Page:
The Peter the Great Statue is a 98-metre-high monument to Peter the Great, located at the western confluence of the Moskva River and the Vodootvodny Canal in central Moscow. It was designed by the Georgian designer Zurab Tsereteli to commemorate 300 years of the Russian Navy, which Peter the Great established. It was erected in 1997 and is the eighth tallest statue in the World. It weighs around 1,000 tons and contains 600 tons of stainless steel, bronze and copper.
Since its inception, the statue has courted controversy. In November 2008, it was voted the tenth ugliest building in the world by Virtual Tourist. In 2010, it was included in a list of the world's ugliest statues by Foreign Policy magazine. Lonely Planet commented: "Questions of taste aside, Muscovites were sceptical about the whole idea: why pay tribute to Peter the Great, who loathed Moscow and moved the capital to St Petersburg?"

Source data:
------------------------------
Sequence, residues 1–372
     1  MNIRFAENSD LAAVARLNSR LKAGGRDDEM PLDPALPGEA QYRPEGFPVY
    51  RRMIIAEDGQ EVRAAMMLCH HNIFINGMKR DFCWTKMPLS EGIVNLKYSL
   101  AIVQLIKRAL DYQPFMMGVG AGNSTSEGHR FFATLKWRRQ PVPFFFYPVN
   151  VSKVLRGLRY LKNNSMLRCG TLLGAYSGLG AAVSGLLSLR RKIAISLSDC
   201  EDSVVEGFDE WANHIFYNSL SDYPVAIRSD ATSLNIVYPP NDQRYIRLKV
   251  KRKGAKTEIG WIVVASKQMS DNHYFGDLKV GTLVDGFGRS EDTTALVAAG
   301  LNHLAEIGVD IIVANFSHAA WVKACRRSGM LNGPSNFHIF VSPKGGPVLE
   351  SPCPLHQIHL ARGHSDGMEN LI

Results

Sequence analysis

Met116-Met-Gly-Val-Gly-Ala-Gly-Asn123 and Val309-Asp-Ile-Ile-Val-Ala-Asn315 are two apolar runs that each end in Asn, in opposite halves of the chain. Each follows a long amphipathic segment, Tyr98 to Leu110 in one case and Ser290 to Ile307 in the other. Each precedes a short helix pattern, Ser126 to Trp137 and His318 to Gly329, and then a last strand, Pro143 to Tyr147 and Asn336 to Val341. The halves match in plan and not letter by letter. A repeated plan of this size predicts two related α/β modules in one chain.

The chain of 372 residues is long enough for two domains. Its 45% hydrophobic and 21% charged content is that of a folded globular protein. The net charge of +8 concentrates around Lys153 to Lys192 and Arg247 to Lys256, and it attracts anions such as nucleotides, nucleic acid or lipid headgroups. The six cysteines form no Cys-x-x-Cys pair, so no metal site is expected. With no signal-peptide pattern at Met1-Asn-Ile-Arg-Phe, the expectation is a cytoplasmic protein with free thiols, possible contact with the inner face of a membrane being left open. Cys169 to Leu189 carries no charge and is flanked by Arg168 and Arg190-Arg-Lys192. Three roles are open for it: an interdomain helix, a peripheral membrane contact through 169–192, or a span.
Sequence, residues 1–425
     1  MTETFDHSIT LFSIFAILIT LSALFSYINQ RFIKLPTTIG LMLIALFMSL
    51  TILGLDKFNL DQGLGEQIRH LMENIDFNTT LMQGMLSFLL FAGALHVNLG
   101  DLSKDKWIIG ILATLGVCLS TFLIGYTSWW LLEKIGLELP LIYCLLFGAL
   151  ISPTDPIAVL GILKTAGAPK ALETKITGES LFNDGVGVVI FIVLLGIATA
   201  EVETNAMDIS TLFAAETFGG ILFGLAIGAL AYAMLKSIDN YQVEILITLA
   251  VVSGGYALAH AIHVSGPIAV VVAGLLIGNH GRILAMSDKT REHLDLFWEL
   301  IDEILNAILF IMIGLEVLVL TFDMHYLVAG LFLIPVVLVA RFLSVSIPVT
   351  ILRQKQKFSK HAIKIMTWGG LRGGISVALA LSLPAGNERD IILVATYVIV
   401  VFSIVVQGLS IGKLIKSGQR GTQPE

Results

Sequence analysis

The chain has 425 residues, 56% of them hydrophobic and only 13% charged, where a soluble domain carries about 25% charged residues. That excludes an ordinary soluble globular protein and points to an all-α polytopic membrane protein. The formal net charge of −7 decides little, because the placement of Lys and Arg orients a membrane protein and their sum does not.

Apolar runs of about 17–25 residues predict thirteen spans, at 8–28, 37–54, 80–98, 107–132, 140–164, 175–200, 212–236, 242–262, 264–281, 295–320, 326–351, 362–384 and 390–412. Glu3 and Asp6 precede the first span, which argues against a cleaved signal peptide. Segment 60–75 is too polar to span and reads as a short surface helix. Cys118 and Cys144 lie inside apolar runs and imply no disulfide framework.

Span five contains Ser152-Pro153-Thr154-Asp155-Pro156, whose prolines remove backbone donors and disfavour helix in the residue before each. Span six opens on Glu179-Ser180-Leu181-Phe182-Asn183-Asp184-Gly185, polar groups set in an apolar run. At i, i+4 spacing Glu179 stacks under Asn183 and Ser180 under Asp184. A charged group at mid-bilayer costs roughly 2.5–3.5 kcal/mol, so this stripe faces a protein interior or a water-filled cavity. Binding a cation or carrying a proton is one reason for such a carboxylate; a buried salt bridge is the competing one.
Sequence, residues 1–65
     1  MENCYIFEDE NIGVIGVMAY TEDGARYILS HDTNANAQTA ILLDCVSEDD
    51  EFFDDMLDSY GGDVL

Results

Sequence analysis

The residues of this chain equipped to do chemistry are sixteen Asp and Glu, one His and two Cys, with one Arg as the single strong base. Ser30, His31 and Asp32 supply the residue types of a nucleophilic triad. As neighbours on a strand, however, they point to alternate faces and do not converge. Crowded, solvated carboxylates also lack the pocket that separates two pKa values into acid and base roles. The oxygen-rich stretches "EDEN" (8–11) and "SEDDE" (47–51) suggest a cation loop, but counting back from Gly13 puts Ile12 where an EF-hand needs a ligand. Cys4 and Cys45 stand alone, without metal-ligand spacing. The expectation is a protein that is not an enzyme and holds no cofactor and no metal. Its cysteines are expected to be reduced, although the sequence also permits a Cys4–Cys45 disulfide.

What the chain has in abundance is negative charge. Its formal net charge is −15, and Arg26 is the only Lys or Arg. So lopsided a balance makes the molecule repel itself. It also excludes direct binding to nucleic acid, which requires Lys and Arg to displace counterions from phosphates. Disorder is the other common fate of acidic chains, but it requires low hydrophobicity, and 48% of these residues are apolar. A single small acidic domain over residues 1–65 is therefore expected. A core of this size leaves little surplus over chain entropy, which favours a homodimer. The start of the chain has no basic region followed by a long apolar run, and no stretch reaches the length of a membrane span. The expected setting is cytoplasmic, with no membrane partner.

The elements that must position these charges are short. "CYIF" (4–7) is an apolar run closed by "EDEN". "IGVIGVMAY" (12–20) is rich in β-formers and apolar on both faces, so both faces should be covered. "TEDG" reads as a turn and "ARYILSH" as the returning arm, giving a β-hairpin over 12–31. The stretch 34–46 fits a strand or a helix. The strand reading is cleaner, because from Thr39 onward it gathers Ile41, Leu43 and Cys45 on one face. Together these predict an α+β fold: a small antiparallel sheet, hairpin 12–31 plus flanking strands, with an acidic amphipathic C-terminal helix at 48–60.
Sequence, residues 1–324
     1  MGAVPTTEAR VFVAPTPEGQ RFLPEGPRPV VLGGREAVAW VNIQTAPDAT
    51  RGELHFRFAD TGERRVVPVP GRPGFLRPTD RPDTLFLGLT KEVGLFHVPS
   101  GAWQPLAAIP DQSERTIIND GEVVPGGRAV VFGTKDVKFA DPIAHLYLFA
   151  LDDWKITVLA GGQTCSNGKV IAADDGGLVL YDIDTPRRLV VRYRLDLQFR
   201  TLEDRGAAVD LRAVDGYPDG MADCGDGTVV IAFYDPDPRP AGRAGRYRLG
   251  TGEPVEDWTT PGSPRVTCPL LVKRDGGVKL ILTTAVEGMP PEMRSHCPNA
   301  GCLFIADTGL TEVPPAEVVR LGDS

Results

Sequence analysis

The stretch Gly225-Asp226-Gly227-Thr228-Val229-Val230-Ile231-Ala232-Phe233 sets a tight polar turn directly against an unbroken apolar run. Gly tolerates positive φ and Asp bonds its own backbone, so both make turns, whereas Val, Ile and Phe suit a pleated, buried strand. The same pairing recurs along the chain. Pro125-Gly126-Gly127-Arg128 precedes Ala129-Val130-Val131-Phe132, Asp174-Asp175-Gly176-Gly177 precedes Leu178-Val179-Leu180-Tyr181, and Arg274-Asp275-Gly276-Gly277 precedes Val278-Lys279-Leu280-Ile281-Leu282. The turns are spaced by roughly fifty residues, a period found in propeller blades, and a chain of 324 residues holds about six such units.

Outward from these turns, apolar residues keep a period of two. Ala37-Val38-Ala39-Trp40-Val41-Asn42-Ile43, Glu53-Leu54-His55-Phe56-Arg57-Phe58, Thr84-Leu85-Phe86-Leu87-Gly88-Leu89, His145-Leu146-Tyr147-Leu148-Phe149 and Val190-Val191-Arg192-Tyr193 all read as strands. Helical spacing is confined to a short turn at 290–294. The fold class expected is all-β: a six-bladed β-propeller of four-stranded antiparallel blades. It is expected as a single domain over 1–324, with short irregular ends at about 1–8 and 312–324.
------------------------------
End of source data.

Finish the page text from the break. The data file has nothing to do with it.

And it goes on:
The designer Zurab Tsereteli is known as a friend and favorite of Moscow's former Mayor Yury Luzhkov, and the artist received a number of municipal art commissions under his patronage, such as the Cathedral of Christ the Savior, the Manege Square ensemble and the War Memorial Complex on Poklonnaya Gora. In October 2010, following Luzhkov's departure from office, Moscow authorities, reportedly keen to get rid of the Peter the Great statue, offered to relocate it to Saint Petersburg, but this offer was refused by the city. Authorities in Arkhangelsk and Petrozavodsk have offered to accept the monument.
The statue is allegedly based on a design originally intended to commemorate the 500th anniversary of the first voyage of Christopher Columbus in 1992. When an American customer for the project could not be found, it was repurposed with a Russian theme. Tsereteli denies this story. A separate, equally colossal statue of Columbus by the same designer eventually wound up in Puerto Rico after being rejected by various US cities, but, as of 2011, remains disassembled.